Keyword research for hotels is the backbone of any hotel SEO strategy.

NB: This is an article from Travelboom

Ranking for the right keywords can greatly impact a hotel’s success, but choosing the right keywords to target can be tricky.

Here are some keyword research tips to help you identify the right keywords to use on your hotel website:

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1. Identify Keyword Opportunities

There are plenty of tools out there to help with keyword research. Here at Fuel we like to use multiple keyword research tools when we begin the research phase. Some of the tools we use are:

Search Volume and Competitor Data:

Free Search Volume Tools:

Google SERPs:

  • Related searches (variations of keywords in Google’s search bar)
  • People also ask (questions people are searching pertaining to a particular topic)
  • Featured snippets (answer boxes at the top of the search results page)
  • People also search for (similar to related searches)

Other Free Helpful Tools:

  • AnswerThePublic (for brainstorming and questions people may be asking pertaining to a particular topic)
  • Google Trends (trends for keywords over time)

To begin your keyword research it helps to start with broad terms like “[city name] hotels” or “hotels in [city name]”.

Then find major venues, attractions and events that happen near your hotel, such as “hotels near [venue]” or “hotels near [event name]”.

You also want to determine what your hotel’s differentiators are. For example, if your hotel offers 2 bedroom suites, or pet friendly accommodations you can choose “2 bedroom suites in [city name]”, or “pet friendly hotels in [city name]”. You should also identify keywords with amenities that your hotel offers, like “hotels with [amenity]”.

This should give you a pretty solid list of hotel keywords to start with. Begin by plugging those variations into tools like Google Keyword Planner, SEMrush, and Moz Keyword Explorer to determine keyword competition and search volume, as well as keyword variants you may not have thought about.

Moz keyword explorer tool
Moz Keyword Explorer details monthly keyword volume and related keywords upon an initial search for a particular keyword.

If you’re optimizing an older hotel website, it helps to dig into the website’s Google Search Console account. Here, you’ll be able to identify keywords that your website already ranks for organically, and drives organic traffic and impressions. That way you quickly have a basis of what is already working for your website and can make a plan to optimize further.

Now that you have a full list of potential keywords to target, it is time to segment those keywords by searcher intent as well as competition.

2. Searcher Intent

Looking at your hotel keywords list, envision what type of content you would create to rank for that keyword. If you can’t fulfill searcher intent you probably shouldn’t target that keyword.

Someone typing “[city name] hotels” into a Google search is likely in the beginning stages of the conversion funnel. They are comparing prices, reading reviews, seeing what’s nearby, etc., and may not be ready to book their room just yet. Those broader terms make more sense for an OTA or Portal site that creates content to compare multiple properties.

However, someone typing in “2 bedroom suite in [city name]” is closer to the end of the conversion funnel. They have identified a differentiator and would like more information about hotels that have 2 bedroom suites. This is where your hotel can create killer content (text, images, and video) around your 2 bedroom suites to draw that traffic to your site.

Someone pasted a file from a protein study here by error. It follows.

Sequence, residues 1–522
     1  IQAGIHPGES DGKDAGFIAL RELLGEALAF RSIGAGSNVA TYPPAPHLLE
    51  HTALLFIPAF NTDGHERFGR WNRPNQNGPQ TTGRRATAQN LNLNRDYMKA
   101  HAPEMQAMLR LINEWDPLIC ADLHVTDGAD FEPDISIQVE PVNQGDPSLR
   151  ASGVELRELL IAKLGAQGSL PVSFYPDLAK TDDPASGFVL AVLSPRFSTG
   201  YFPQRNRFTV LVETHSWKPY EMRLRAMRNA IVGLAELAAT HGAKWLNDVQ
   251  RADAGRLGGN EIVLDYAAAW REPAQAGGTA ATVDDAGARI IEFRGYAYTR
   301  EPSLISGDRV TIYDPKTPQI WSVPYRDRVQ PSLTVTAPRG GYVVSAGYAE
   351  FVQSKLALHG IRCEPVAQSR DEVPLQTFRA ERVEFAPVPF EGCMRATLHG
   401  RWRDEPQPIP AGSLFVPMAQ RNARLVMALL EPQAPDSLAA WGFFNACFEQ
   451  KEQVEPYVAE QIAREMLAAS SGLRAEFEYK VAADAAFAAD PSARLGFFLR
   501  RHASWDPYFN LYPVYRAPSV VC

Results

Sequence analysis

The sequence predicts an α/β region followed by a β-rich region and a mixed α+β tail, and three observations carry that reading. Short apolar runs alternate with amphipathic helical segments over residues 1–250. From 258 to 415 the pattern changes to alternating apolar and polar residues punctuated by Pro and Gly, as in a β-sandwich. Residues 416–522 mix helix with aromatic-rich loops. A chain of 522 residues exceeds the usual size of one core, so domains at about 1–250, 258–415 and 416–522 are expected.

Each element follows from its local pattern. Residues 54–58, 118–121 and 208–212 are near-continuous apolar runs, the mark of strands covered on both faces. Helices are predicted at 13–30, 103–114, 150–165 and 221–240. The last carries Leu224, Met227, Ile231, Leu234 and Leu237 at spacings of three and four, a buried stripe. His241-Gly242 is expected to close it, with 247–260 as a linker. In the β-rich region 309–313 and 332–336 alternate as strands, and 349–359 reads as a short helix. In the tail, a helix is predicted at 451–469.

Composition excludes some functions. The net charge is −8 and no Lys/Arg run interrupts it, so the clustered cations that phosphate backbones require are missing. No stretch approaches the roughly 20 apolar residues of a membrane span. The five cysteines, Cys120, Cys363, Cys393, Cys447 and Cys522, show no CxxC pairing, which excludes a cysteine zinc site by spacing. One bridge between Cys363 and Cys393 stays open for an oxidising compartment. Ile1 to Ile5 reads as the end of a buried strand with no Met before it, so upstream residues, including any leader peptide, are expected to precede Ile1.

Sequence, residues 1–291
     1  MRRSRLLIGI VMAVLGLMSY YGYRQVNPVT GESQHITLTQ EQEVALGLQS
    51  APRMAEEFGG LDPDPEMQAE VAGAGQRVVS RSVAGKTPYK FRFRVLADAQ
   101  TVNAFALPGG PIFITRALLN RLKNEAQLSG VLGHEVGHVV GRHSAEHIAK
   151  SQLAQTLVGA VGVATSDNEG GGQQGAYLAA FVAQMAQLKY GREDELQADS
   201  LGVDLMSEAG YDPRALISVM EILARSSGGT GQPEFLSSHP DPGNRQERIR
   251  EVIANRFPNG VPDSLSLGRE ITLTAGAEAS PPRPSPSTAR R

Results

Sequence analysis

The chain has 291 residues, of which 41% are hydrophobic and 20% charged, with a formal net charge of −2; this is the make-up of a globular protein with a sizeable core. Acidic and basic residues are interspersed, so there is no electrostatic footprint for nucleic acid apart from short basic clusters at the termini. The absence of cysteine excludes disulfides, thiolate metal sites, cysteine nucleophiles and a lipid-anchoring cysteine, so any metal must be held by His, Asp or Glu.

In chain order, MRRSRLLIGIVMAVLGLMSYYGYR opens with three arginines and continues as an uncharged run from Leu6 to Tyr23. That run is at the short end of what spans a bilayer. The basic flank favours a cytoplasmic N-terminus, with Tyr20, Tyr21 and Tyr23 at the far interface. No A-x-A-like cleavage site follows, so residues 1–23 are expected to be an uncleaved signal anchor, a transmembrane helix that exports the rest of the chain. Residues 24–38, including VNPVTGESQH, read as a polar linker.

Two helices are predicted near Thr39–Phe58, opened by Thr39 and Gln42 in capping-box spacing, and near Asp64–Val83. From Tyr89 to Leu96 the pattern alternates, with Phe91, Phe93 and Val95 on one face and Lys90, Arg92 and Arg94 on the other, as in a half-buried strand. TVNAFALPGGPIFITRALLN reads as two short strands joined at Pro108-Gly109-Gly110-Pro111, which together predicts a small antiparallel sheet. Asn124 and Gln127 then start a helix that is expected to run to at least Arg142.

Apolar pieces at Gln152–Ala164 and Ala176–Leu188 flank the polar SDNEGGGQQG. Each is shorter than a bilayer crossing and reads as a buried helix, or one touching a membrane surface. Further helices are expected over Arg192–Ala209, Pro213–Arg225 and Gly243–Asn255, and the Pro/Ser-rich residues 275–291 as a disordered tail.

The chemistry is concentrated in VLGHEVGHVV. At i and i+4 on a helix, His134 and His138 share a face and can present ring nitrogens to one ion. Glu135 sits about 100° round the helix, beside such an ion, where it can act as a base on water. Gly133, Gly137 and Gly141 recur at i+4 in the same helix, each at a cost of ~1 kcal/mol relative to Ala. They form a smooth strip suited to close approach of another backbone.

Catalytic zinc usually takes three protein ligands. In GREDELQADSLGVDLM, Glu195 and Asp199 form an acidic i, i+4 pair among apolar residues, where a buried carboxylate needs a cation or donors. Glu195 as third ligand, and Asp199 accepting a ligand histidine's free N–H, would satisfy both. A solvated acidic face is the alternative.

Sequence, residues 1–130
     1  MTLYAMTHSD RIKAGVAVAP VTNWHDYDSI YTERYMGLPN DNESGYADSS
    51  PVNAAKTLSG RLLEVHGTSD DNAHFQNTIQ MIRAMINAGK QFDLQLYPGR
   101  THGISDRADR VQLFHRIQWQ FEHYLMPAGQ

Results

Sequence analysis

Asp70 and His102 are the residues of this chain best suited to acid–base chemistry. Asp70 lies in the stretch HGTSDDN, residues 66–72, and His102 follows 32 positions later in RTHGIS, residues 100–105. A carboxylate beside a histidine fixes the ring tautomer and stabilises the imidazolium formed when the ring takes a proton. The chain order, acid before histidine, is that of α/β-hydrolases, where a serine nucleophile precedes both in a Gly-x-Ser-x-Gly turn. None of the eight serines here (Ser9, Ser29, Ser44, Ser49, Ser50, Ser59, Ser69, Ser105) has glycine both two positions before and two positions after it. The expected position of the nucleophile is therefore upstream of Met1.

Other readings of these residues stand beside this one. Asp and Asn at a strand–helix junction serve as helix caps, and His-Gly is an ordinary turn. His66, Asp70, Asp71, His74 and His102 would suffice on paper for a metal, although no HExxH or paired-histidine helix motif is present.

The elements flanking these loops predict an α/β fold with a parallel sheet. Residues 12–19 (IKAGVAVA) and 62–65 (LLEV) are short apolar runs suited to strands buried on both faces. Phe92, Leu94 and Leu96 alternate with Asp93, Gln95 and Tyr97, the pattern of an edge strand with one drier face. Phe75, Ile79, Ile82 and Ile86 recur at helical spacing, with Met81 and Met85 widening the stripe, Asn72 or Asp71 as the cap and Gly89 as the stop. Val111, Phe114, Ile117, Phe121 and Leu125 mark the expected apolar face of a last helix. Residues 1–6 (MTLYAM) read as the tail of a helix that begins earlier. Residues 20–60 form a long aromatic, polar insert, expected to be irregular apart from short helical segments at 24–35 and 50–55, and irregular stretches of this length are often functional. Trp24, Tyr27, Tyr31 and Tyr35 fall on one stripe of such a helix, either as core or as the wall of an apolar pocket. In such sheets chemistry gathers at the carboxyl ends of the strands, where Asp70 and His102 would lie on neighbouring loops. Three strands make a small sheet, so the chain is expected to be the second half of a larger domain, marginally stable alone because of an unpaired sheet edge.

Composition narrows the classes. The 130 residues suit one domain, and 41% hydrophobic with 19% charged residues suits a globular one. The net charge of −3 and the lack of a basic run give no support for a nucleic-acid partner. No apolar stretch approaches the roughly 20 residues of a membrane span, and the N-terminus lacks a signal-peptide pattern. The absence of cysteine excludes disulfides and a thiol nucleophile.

Place yourself in the searcher’s shoes. At what stages of the conversion funnel do your keywords fall under? It’s critical to understand the conversion funnel—from the awareness phase to the purchase phase—of a hotel guest as this will be a determining factor for the keywords you select and how you present your content.

“Place yourself in the searcher’s shoes. At what stages of the conversion funnel do your keywords fall under?”

3. Keyword Competition

Understanding the competition for a certain keyword will also help you make a decision on whether you have a chance to rank. Typically, broad terms like “hotels in new york” are going to have much more competition. Just doing a Google search shows the sites competing for that keyword are huge, authoritative websites with lots of links pointing to them.

An independent hotel will likely not be able to compete since they don’t have the reputation, authority, links, etc. Also, as mentioned above, the independent hotel doesn’t have the price comparison and options that these metasearch and OTAs have that fulfill searcher intent.

That’s why independent hotels have more success targeting long-tail terms with less competition, and can absolutely fulfill searcher intent.

Think of independent hotel websites as David, and OTA websites as Goliath. Long-tail keywords are the independent hotel’s slingshot. Long-tail might be the only chance your independent hotel website has to steal bookings back from the big guys.

“Think of independent hotel websites as David, and OTA websites as Goliath. Long-tail keywords are the independent hotel’s slingshot.”

Did you know: Moz offers a free browser extension called MozBar that can further assist in identifying domain authority and give you a better indication of what the competition looks like for websites that rank for a particular keyword. 

Simply search for your desired keyword in Google. After the results load, select the MozBar icon in your browser. From there, MozBar will spit out authority metrics that you can use to compare to your site. 

If you’re uncertain of your website’s own authority metrics, active MozBar and make a search for your hotel. Or enter your website’s domain into the Moz Link Explorer Overview tool.

Read rest of the article at Travelboom